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Campaigners claim village ‘under siege’ as fourth wind farm proposed

Campaigners against a proposed Sutherland wind farm development – the fourth within sight – fear their village is “under siege”.

The K2 Action Group, which compromises of residents in and around the village of Rogart, have hit out at the proposal by Wind2 to erect seven new turbines measuring in at 432 feet – more than 260 feet taller than the Forth Rail Bridge.

Campaigners have raised concerns relating to the development complying with the Highland Local Development Plan, fearing that they do not comply and will deliver nuisances of noise and flicker as well as increased traffic and blighting local homes.

The group have also raised concerns about what they describe as “very selective financial inducements” being offered to those living near to the scheme.

Campaigner Michael O’Reilly has said some members of the local community can “already see three different wind farms from their homes and a company from Wales wants to make sure we can see four”.

He added: “Green is green and we are all for it. Just not all in the same place. It’s not renewable energy that we are against. It is this development, in this location.

“A lot of B&Bs and accommodation owners are reporting a downturn in visitors because who wants to come and see a windfarm?”

A community-led consultation in the village of Rogart has established that the majority of residents are against the proposed South Kilbraur development, with 80% of 181 respondents agreeing that the windfarm would be intrusive.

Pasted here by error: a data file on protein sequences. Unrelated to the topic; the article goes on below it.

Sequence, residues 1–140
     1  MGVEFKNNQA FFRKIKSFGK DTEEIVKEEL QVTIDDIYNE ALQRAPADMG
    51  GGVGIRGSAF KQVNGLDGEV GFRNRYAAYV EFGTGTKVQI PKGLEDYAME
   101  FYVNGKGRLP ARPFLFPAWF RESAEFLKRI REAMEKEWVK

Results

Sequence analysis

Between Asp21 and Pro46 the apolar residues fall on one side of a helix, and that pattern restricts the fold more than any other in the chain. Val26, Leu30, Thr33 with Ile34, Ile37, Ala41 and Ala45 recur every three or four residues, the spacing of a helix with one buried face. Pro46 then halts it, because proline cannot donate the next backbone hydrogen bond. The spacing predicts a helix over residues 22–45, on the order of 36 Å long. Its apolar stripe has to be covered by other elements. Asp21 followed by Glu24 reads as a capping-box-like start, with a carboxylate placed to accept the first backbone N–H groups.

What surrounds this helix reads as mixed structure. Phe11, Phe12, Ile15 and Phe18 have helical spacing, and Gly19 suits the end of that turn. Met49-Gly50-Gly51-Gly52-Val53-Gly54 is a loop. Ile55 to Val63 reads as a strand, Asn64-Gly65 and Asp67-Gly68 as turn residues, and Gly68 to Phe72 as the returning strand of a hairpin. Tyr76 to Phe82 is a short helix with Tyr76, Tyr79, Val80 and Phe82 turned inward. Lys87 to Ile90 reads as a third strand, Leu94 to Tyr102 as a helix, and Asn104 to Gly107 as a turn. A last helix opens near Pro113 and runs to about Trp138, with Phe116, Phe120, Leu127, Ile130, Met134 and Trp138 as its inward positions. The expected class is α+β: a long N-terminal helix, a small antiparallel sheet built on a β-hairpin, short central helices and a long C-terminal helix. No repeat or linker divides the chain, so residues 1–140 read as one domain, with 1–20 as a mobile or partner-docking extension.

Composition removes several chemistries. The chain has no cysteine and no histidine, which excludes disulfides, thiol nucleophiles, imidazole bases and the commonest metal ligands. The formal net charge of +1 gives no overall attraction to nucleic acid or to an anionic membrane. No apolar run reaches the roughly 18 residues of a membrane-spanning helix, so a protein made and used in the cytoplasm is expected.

Ewan Eley, project manager at Wind 2, said the financial incentive being offered was to address concerns raised at the consultation stage regarding developments not necessarily bringing residents electric bills down.

He added that the consultants used on the project are specialists who are “highly regarded”.

Mr Eley added: “If this application is consented and developed we have stated that we will make a contribution, as part of the community benefits package, to near neighbours, either in the form of an annual contribution to electricity bills or a grant sum towards energy efficiency measures for properties near to the development.

“Concerns regarding the independence of the environmental impact assessment process are regularly raised by members of the public, as the developer pays these costs, however, guidance on methods and processes must be followed and if not done so, they would rightly be criticised by the likes of Scottish Natural Heritage, RSPB, Highland Council, Historic Environment Scotland and SEPA.”

Mr Eley also confirmed there are no current plans to expand on the current number of turbines proposed in the area despite residents concerns. However, he added that he could not rule out any future development.